IP protection 'essential for small firms'

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The FSB believes better safeguards for intellectual property are a must

The Federation of Small Businesses (FSB) has published new research highlighting the considerable lengths smaller businesses are having to go to in order to protect their intellectual property (IP).

A new survey of FSB members has shown as many as one quarter (25 per cent) of the nation's small businesses have suffered some form of IP violation or transgression in the last five years.

This highlights the considerable pressures being placed upon businesses across the country when it comes to safeguarding their future, as a lack of security surrounding IP could ultimately lead to many businesses being forced to wind up.

National chairman of the FSB John Allan stated: "The knowledge economy, which runs on innovative ideas and brands, is becoming ever more critical to our economic success.

"Left unchecked, theft and infringement of ideas, patents and brands cost small businesses and diminish their appetite to invest in their business, ultimately hampering the UK's long-term economic growth."

At present, the Intellectual Property Office has in place a number of measures and tools to help protect IP rights for businesses across the UK, but these findings show that in many instances these safeguards are not sufficient.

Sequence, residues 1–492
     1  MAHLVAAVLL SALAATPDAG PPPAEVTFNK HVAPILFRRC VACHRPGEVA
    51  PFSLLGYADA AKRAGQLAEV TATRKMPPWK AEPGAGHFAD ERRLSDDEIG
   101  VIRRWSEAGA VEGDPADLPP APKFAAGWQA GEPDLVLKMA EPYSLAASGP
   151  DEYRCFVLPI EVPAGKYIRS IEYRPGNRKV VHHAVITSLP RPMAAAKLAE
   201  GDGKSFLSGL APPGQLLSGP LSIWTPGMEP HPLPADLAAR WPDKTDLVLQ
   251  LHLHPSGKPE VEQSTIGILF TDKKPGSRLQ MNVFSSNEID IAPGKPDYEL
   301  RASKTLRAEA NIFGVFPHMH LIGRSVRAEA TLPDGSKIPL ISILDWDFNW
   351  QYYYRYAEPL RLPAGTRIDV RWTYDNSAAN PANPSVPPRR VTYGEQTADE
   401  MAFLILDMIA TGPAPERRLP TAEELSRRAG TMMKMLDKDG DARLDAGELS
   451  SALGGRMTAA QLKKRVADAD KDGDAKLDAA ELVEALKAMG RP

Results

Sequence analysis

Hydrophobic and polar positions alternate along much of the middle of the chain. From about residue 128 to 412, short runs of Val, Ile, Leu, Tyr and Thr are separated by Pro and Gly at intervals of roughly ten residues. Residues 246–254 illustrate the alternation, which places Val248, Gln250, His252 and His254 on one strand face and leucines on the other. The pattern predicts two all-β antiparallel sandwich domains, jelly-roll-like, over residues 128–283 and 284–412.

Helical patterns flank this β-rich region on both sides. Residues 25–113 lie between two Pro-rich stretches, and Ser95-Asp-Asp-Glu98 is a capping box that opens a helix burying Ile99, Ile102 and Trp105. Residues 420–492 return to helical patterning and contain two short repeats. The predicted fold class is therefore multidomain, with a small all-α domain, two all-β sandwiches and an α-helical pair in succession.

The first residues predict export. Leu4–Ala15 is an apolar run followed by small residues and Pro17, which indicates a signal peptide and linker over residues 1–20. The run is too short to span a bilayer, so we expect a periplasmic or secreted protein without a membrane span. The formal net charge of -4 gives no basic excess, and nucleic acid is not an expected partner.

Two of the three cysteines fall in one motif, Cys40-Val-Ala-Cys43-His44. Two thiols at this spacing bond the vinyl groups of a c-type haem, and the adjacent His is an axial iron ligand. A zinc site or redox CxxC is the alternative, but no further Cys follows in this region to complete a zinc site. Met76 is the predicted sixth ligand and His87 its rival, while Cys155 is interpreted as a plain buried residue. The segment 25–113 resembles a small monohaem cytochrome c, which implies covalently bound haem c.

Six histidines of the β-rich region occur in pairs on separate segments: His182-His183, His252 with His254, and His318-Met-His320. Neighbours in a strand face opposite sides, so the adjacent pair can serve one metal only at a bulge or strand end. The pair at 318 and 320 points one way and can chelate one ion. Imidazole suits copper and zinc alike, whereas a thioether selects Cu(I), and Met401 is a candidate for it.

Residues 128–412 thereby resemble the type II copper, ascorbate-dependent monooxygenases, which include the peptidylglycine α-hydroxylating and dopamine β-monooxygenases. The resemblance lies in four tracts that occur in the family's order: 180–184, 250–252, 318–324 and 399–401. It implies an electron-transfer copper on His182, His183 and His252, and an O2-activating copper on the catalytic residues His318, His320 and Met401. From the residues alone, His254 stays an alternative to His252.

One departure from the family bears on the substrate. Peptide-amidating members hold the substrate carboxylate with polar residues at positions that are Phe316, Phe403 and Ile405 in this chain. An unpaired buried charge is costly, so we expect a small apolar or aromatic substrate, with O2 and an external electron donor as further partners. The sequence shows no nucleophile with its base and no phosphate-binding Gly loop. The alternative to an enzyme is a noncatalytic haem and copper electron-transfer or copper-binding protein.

This is especially true for the almost one-third (30 per cent) of UK small businesses that rely upon the protected ownership of some form of IP for between 75 and 100 per cent of their annual revenues. Infringements on IP in these instances can have far-reaching and damaging impact on business viability.

Overall, the FSB's research showed that almost one-third (32 per cent) of companies that hold IP rights have spent money on protecting these rights within the last five years, with one-fifth of this group having spent in excess of £5,000.

Despite this, a significant proportion of businesses have suffered financial damage as a result of stolen IP, with the most common abuses being unauthorised use of a trademark (31 per cent), use of copyrighted work in a product or service (33 per cent) and the copying of a product (50 per cent).

"IP is a fundamental building block if the UK is to become the best country in the world for innovation and creative services. Small businesses must be better supported in harnessing IP in the UK and overseas," Mr Allan concluded.

He added that a tightening of IP protection is therefore essential, as is the delivery of a simplified and faster system of redress for those companies that are the victim of IP infringement in the future, especially for smaller firms that have fewer resources with which to defend themselves.